Mock File Database
Applies to ✅ Open Source Edition ✅ Express Edition ✅ Professional Edition ✅ Enterprise Edition
An alternative to the previous programmatic implementation of a mocking connection is the more declarative approach using a
org.jooq.tools.jdbc.MockFileDatabase, which reads SQL statements and their corresponding result sets directly from a file.
Disclaimer: The general idea of mocking a JDBC connection with this jOOQ API is to provide quick workarounds, injection points, etc. using a very simple JDBC abstraction. It is NOT RECOMMENDED to emulate an entire database (including complex state transitions, transactions, locking, etc.) using this mock API. Once you have this requirement, please consider using an actual database product instead for integration testing, rather than implementing your test database inside of a
Assuming the following file content:
# All lines with a leading hash are ignored. This is the MockFileDatabase comment syntax -- SQL comments are parsed and passed to the SQL statement /* The same is true for multi-line SQL comments */ select 'A'; > A > - > A @ rows: 1 select 'A', 'B' union all 'C', 'D'; > A B > - - > A B > C D @ rows: 2 # Statements without result sets just leave that section empty update t set x = 1; @ rows: 3
The above syntax consists of the following elements to define an individual statement:
MockFileDatabasecomments are any line with a leading hash (
"#") symbol. They are ignored when reading the file
- SQL comments are part of the SQL statement
- A SQL statement always starts on a new line and ends with a semi colon (
;), which is the last symbol on the line (apart from whitespace)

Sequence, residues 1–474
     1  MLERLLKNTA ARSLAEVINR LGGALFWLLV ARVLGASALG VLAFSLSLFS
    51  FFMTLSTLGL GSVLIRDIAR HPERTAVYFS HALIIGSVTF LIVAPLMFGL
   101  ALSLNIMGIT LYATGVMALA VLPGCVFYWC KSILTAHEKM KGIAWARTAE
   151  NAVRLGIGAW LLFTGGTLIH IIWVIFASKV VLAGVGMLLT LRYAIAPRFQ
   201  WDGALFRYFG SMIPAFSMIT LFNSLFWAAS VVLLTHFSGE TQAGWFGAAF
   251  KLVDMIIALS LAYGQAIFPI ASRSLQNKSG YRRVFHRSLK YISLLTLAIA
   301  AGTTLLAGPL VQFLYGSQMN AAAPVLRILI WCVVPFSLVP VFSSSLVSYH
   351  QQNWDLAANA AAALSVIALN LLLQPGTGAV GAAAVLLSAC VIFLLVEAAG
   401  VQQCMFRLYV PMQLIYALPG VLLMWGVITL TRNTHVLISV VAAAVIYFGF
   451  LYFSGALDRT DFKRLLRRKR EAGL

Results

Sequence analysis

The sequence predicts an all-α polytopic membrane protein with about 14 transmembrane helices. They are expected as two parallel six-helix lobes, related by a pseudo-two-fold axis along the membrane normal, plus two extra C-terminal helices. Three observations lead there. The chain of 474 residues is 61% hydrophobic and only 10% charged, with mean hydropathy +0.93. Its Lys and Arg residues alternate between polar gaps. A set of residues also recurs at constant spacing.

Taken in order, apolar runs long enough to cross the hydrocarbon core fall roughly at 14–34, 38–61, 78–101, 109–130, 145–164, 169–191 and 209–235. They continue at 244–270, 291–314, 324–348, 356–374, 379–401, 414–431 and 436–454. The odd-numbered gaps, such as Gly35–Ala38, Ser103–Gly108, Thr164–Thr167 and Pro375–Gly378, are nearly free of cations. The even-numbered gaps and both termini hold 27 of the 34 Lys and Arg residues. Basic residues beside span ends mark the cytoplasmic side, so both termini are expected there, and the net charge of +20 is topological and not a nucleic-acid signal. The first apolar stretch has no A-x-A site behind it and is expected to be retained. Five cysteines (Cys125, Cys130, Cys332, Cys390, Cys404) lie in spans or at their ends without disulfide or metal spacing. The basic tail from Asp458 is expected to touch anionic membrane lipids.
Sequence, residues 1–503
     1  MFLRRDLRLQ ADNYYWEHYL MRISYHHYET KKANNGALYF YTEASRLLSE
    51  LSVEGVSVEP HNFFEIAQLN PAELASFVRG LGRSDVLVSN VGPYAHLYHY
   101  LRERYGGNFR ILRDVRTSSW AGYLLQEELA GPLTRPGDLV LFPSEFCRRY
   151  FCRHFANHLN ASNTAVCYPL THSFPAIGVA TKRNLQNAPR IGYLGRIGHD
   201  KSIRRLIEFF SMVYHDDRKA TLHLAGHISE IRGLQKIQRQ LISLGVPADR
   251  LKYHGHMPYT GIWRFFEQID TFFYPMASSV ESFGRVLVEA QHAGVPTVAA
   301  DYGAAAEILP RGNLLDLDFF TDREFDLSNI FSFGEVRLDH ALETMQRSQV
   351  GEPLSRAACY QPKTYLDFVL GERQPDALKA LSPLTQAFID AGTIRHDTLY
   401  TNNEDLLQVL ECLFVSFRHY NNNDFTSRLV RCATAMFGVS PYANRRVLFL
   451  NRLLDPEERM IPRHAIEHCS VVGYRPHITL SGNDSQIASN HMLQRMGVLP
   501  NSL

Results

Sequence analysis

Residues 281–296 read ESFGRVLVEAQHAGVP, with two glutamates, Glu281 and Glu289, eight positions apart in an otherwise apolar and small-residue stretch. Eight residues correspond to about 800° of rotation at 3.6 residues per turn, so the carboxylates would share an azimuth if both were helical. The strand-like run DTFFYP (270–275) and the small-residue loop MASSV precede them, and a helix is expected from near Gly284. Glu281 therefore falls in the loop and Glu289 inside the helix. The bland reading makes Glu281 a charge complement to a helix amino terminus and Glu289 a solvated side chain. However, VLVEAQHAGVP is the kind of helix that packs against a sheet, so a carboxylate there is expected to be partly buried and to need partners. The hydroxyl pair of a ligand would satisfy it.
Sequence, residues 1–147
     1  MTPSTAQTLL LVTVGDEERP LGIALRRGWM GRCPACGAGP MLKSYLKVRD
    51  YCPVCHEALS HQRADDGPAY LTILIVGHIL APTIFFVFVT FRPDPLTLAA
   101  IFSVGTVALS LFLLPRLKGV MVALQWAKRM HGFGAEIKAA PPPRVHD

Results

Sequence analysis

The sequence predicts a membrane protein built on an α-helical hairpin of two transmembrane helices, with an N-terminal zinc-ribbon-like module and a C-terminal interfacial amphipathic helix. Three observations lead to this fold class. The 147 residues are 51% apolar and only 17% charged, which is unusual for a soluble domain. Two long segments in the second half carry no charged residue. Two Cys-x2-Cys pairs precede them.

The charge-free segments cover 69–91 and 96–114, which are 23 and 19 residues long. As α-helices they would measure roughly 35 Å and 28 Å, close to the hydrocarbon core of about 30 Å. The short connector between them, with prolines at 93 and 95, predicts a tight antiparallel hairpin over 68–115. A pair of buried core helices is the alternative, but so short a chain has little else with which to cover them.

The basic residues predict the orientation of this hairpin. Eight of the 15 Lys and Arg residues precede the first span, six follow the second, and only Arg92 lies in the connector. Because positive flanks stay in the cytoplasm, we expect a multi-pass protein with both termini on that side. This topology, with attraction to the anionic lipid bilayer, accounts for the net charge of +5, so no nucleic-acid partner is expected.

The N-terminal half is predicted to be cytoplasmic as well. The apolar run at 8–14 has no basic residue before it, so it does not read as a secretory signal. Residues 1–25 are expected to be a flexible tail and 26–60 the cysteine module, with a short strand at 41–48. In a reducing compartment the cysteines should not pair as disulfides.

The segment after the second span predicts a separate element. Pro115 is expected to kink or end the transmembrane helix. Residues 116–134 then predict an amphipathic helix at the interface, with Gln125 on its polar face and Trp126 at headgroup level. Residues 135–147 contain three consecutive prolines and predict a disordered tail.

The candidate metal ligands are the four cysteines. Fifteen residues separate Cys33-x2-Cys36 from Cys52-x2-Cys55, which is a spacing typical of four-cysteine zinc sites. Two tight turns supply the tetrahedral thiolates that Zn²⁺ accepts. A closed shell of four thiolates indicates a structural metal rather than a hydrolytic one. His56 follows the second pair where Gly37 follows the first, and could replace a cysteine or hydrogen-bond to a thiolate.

- If the statement has a result set, it immediately succeeds the SQL statement and is prefixed by angle brackets and a whitespace (
"> "). Any format that is accepted by DSLContext.fetchFromTXT(), DSLContext.fetchFromJSON(), or DSLContext.fetchFromXML() is accepted.
- The statement is always terminated by the row count, which is prefixed by an at symbol, the "rows" keyword, and a double colon (
The above database supports exactly two statements in total, and is completely stateless (e.g. an
INSERT statement cannot be made to affect the results of a subsequent
SELECT statement on the same table). It can be loaded through the
MockFileDatabase can be used as follows:
// Initialise your data provider: MockFileDatabase provider = new MockFileDatabase(new File("/path/to/db.txt")); MockConnection connection = new MockConnection(provider); // Pass the mock connection to a jOOQ DSLContext: DSLContext create = DSL.using(connection, SQLDialect.POSTGRES); // Execute queries transparently, with the above DSLContext: Result<?> result = create.select(inline("A")).fetch(); Result<?> result = create.select(inline("A"), inline("B")).fetch(); // Queries that are not listed in the MockFileDatabase will simply fail Result<?> result = create.select(inline("C")).fetch();
In situations where the expected set of queries are well-defined, the
MockFileDatabase can offer a very effective way of mocking parts of the database engine, without offering the complete functionality of the programmatic mocking connection.
Alternatively, regular expressions can be used to match statements in order of definition in the file.
# Regardless of the number of columns, if selecting 'A' as the first column, # always return a single row containing columns A and B select 'A', .*; > A B > - - > A B @ rows: 1 # All other select statements are assumed to return only a column A select .*; > A > - > A @ rows: 1
The same rules apply as before. The first matching statement will be applied for any given input statement.
This feature is "opt-in", so it has to be configured appropriately:
// Initialise your data provider: MockFileDatabase provider = new MockFileDatabase(new MockFileDatabaseConfiguration() .source(new File("/path/to/db.txt")) .patterns(true) // Turn on regular expressions here ); MockConnection connection = new MockConnection(provider); // Pass the mock connection to a jOOQ DSLContext: DSLContext create = DSL.using(connection, SQLDialect.POSTGRES); // This returns a column A only Result<?> result = create.select(inline("X")).fetch(); // This returns columns A and B Result<?> result = create.select(inline("A"), inline("B"), inline("C")).fetch();